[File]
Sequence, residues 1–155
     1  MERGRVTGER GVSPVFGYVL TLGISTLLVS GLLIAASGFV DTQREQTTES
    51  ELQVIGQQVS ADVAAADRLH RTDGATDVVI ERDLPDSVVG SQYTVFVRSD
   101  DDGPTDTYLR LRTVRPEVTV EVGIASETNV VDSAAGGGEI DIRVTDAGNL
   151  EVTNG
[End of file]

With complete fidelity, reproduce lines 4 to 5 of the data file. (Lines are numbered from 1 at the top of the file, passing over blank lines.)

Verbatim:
   101  DDGPTDTYLR LRTVRPEVTV EVGIASETNV VDSAAGGGEI DIRVTDAGNL
   151  EVTNG